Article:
Some patients who recover from Lyme disease, after being bitten by a deer tick, report symptoms months or even years afterward. These reports are difficult for doctors to handle because these patients no longer have the bacteria, Borrelia burgdorferi, in their systems. And the symptoms, including fatigue, soreness and memory or concentration loss, could be applied to chronic fatigue syndrome or depression. So, as Nature News reports, these cases have simply been categorized and filed as "post-Lyme disease syndrome." Now, a researcher at Weill Cornell Medical College in New York has found a possible biomarker that indicates which Lyme disease patients will experience those lingering symptoms.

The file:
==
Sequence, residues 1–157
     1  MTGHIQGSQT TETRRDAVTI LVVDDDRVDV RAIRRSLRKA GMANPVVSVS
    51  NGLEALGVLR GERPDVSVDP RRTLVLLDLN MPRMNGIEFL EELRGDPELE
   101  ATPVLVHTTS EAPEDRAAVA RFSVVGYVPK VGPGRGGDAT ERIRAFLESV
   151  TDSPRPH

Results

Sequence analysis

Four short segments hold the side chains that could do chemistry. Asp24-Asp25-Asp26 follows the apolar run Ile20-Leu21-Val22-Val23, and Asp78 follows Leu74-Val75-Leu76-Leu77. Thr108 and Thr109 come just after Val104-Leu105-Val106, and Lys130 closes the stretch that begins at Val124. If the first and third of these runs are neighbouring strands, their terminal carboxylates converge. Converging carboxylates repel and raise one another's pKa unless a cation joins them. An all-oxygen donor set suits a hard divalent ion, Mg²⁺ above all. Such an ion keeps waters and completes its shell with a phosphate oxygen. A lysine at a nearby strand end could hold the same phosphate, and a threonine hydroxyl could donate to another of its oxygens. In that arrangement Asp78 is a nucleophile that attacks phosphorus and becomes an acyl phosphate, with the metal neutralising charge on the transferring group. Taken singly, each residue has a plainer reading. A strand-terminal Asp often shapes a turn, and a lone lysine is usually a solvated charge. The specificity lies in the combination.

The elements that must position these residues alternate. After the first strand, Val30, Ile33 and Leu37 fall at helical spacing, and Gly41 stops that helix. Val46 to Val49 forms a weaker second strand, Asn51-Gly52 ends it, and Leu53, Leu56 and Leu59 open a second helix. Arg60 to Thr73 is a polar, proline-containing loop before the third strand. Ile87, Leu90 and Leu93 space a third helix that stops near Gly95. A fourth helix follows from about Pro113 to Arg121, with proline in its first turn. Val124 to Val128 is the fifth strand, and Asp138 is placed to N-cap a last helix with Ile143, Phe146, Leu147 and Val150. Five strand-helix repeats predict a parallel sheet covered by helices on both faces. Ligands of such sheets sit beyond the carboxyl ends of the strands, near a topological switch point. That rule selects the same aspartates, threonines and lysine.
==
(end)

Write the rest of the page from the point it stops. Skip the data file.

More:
Immunologist Armin Alaedini and colleagues found that more antibodies tended to cling to a surface protein on B. burgdorferi, called VIsE, in post-Lyme patients than those who did not report lingering symptoms. The researchers suggest that the disease stayed longer in those who produced more antibodies to combat the microbes, which kept changing the VIsE epitopes (snippets of protein) they carried.
"That could mean they naturally have a different antibody response to the infection than most people; it could mean they weren't treated properly; or it's possible they were reinfected and the second infection was never treated," Alaedini tells Nature News. The Scientist reports that the finding "open the door to the possibility of a predictive biomarker that could help physicians identify Lyme patients at risk for developing the chronic form of the disease and treat them with more aggressive courses of antibiotics."